|Try not to be jealous of those fabulous calves of mine people.|
So we've spent a lot of time in our This Saturday in Science features, exploring space, beneath the ocean and, um, back to space again, so we figured it might be time to explore some inner space, like the kind inside our bodies.
Luckily, just as that thought occurred to me, I had reason to visit the emergency room at Pottstown Memorial Medical Center.
|This thing is definitely science-related....|
It means there is a space in the muscle wall (not that this is an area of my body known for its muscle tone) and
sometimes, things that belong inside, can peek through the hole.
That's the scientific explanation for a hernia, I swear.
Anyway, other than an abnormally violent objection to being tickled there, it never gave me any problem and I never paid it any mind -- until last weekend that is.
I'll spare you the details of the lead-up.
Let's just say some pain, a terrifying trip through medical pages on the Internet, and a call to our on-call doctor ended up in a late night Sunday visit withour friends in the emergency room.
Now, to be sure, there were lots of needles, gadgets and gizmos that were all sciency.
But the actual healing came about as the result of some expert laying on of hands by the doctor on call who essentially put everything back where it belonged without nearly as much pain as I imagined it would entail.
Despite the obvious advantages, this port is apparently
not designed for the delivery of spirits.
I thought that was pretty cool and was ready to up and leave at that point, which would have made this a very short post.
Problem solved, let's go.
Yeah, not so fast.
Eventually, after the paperwork, the bureaucracy and the actual treatment, we got to the science.
Naturally, blood had to be taken for testing and the nurse left behind a "port" in my hand so they could get any old substance they wanted to into my system.
I agitated for vodka with disappointing results.
Eventually, I did get a drink, although it was not quite what I had in mind.
It seems that after dealing with the problem, they had to be sure they understood the problem. That meant getting a look at my insides without opening me up to have a look, a course of action which received my vigorous endorsement.
The tool of choice Sunday night was a cat scan.
And, it seems, in order to get the best look inside, they need something to highlight the areas they wanted to look at.
Enter, the beverage.
I'm not sure what it was called, but I do know peach ice tea will never again hold quite the same allure for me.
I had to drink all 900 ml of this stuff; not my idea of
an enjoyable drinking contest.
I guess the soda people are on to something.
Anyway, after consuming this muddy looking brew, all 900 milliliters of it, came the best part -- the waiting.
Two hours of it.
So I don't know about you, but waiting around in a hospital, whether in the waiting room or back in the room with the curtain, is about as boring as it gets.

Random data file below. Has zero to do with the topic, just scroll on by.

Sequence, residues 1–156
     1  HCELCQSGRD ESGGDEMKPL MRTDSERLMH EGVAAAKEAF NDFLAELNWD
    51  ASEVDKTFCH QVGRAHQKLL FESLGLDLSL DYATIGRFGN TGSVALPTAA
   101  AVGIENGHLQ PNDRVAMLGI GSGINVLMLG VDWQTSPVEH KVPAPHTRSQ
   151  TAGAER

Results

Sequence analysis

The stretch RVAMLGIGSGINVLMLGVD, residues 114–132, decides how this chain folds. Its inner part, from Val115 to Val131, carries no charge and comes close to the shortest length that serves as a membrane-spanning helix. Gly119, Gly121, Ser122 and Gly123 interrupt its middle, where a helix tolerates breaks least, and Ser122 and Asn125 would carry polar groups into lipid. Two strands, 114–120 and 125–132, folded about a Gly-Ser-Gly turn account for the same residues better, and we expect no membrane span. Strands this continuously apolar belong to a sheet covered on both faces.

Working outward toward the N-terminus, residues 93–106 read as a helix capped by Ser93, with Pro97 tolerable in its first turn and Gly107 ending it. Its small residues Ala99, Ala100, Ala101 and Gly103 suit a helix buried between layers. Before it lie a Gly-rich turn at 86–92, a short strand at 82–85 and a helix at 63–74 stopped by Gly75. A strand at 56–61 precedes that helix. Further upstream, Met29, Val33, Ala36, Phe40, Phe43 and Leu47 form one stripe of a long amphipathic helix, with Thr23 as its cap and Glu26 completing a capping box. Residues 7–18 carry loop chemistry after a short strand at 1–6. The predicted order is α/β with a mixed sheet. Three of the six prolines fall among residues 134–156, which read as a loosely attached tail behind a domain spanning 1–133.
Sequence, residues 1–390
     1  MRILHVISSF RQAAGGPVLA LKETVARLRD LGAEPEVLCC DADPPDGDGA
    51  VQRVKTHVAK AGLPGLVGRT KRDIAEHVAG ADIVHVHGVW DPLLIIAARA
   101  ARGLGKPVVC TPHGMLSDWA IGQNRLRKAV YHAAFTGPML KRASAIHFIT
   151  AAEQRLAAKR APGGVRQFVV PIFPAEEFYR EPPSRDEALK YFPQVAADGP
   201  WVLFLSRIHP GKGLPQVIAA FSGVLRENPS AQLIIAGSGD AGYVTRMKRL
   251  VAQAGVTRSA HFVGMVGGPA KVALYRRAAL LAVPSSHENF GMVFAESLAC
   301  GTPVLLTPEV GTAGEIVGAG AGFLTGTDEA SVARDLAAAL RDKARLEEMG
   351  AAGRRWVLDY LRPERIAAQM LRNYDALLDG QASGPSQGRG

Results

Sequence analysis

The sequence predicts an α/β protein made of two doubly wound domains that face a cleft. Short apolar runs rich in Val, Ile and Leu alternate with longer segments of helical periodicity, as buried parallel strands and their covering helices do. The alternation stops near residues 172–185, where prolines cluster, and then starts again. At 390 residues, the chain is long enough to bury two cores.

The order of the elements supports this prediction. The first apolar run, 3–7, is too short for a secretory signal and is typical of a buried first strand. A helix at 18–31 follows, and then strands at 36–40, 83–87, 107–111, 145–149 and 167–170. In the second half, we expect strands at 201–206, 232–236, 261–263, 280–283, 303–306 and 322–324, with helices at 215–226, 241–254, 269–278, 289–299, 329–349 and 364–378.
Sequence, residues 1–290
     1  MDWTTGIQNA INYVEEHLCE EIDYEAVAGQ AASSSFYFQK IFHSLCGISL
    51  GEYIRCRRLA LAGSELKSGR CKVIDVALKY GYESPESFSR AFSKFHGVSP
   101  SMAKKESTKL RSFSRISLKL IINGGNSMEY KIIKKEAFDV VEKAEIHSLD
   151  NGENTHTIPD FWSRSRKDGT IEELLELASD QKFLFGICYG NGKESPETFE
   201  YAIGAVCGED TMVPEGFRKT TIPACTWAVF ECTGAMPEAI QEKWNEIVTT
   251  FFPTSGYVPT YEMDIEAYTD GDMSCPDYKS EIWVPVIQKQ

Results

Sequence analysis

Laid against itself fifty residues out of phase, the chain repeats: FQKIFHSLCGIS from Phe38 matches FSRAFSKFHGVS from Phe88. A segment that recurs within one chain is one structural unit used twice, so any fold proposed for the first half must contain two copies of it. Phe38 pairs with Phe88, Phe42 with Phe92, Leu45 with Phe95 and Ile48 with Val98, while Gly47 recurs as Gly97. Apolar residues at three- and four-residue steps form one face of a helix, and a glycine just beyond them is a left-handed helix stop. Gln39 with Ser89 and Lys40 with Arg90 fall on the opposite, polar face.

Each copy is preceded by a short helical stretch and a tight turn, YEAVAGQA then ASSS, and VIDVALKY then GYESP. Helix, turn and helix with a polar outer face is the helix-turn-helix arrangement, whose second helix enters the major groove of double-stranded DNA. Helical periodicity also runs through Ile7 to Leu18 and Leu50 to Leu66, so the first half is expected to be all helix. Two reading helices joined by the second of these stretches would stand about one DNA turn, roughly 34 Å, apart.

They had a television, but of course it didn't work.
Now, as these photos have no doubt indicated, we had a smart phone at our disposal, but you know what, there's only so much information on the Internet, and after two hours, we knew we would heave read it all.
Besides, the battery was low and we had to preserve our photographic equipment for the photos still to come.
Luckily, being old-school types, we had come well-prepared.
We brought books.
It's funny, when you think about it, but in my house, when you're heading out the door to the emergency room, the things you check for are your keys, your wallet, your insurance card and, of course, a good book.
|A good book: Never Leave Home Without One.|
I decided against the 1,000-page history tome I've been quietly digesting for months, and instead brought along a lovely little book my wife recommended: "Gilead" by Marilynne Robinson.
It won the Pulitzer in 2005 and reading it, I can see why.
Nothing takes your mind off your mortality quite like good writing.
The two hours passed, well, like two hours always passes in an emergency room -- good book or not -- slowly.
Finally, a man showed up at about 1 a.m. much too alert for the hour it seemed to me, to take me on a ride to the cat scan room.
This part was undoubtedly scientific.
The cat scanner, if that's what you call it, is a big circular machine, that looks a little like the time arch in an old Star Trek episode.
They hooked up some iodine to my port.
I asked if we would at least put port in my port, but again, science came before celebration.
The cat scan machine talks to you and, like a good patient, I did what it told me to do (good practice for the robot takeover of the world no doubt). It consisted primarily of telling me when to hold my breath.
Then, don't hold your breath, came more waiting.
I tried, and failed to catch some shut-eye.
Finally, a different doctor arrived, had a look at the report, at my blood test results and told me I could go home, that it wasn't that serious and that I should go see another doctor (which is a pretty full summary of most of my medical science experiences.)
|Never underestimate the mood enhancing power of the mighty Thor!|
It didn't seem like anyone would mind....
....after all, who needs more mood enhancement than an emergency room patient?
But I'm afraid the only science involved here was psychology.
You see, in addition to being a science fiction geek, I'm also a comic book geek, so who better to enhance my mood than the mighty Thor?
Although I will confess, as super-heroes go, he's not that big into science....